Destruction of return value on destructor exception

  • A+

I have the following code:

#include <stdexcept> #include <iostream>  struct ok {     int _n;     ok(int n) : _n(n) { std::cerr << "OK" << n << " born" << std::endl; }     ~ok() {  std::cerr << "OK" << _n << " gone" << std::endl; } };  struct problematic {     ~problematic() noexcept(false) { throw std::logic_error("d-tor exception"); } };  ok boo() {     ok ok1{1};     problematic p;     ok ok2{2};     return ok{3}; // Only constructor is called... }  int main(int argc, char **argv) {     try {boo();} catch(...) {} } 

I see that he destructor of ok{3} is not called, the output is:

 OK1 born  OK2 born  OK3 born  OK2 gone  OK1 gone 

Is it the expected behavior for C++14?


Compiling with gcc 6.3


As per the standard this behavior is wrong and this has already been mentioned in the comments section of the question. This is stated in the section on Exception handling.

As per the defect reports at, they have been aware that implementations (GCC and Clang) were wrong about this as early as 2015-09-28. But the proposed resolution was only in February, 2016 and the compilers (GCC and Clang) have not yet included this fix.

Proposed resolution (February, 2016):

Change 18.2 [except.ctor] paragraph 2 as follows:
The destructor is invoked for each automatic object of class type constructed, but not yet destroyed, since the try block was entered. If an exception is thrown during the destruction of temporaries or local variables for a return statement (9.6.3 [stmt.return]), the destructor for the returned object (if any) is also invoked. The objects are destroyed in the reverse order of the completion of their construction. [Example:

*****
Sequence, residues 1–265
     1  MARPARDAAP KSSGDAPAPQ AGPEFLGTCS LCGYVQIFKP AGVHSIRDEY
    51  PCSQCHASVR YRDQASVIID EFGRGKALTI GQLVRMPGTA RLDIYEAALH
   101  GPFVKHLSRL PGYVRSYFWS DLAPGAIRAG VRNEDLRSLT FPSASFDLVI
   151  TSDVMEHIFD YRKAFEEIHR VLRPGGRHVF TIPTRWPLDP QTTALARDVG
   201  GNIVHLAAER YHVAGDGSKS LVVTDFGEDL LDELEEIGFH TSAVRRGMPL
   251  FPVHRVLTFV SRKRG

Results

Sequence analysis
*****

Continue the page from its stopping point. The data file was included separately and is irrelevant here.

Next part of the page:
struct A { };    struct Y { ~Y() noexcept(false) { throw 0; } };    A f() {     try {       A a;       Y y;       A b;       return {};   // #1     } catch (...) {     }     return {};     // #2   } 

At #1, the returned object of type A is constructed. Then, the local variable b is destroyed (9.6 [stmt.jump]). Next, the local variable y is destroyed, causing stack unwinding, resulting in the destruction of the returned object, followed by the destruction of the local variable a. Finally, the returned object is constructed again at #2. —end example]

There have been bugs filed against this issue both in GCC and Clang.

The comments on the GCC bug report indicate that it is clearly a bug.

Jonathan Wakely comments:

It's now 2013 so the sensible thing to do is not return by value if your destructor can throw.

And another user:

Yes, I noticed, and Clang has also had a bug filed against them which has languished for years. Nevertheless, the behavior is wrong.


:?: :razz: :sad: :evil: :!: :smile: :oops: :grin: :eek: :shock: :???: :cool: :lol: :mad: :twisted: :roll: :wink: :idea: :arrow: :neutral: :cry: :mrgreen: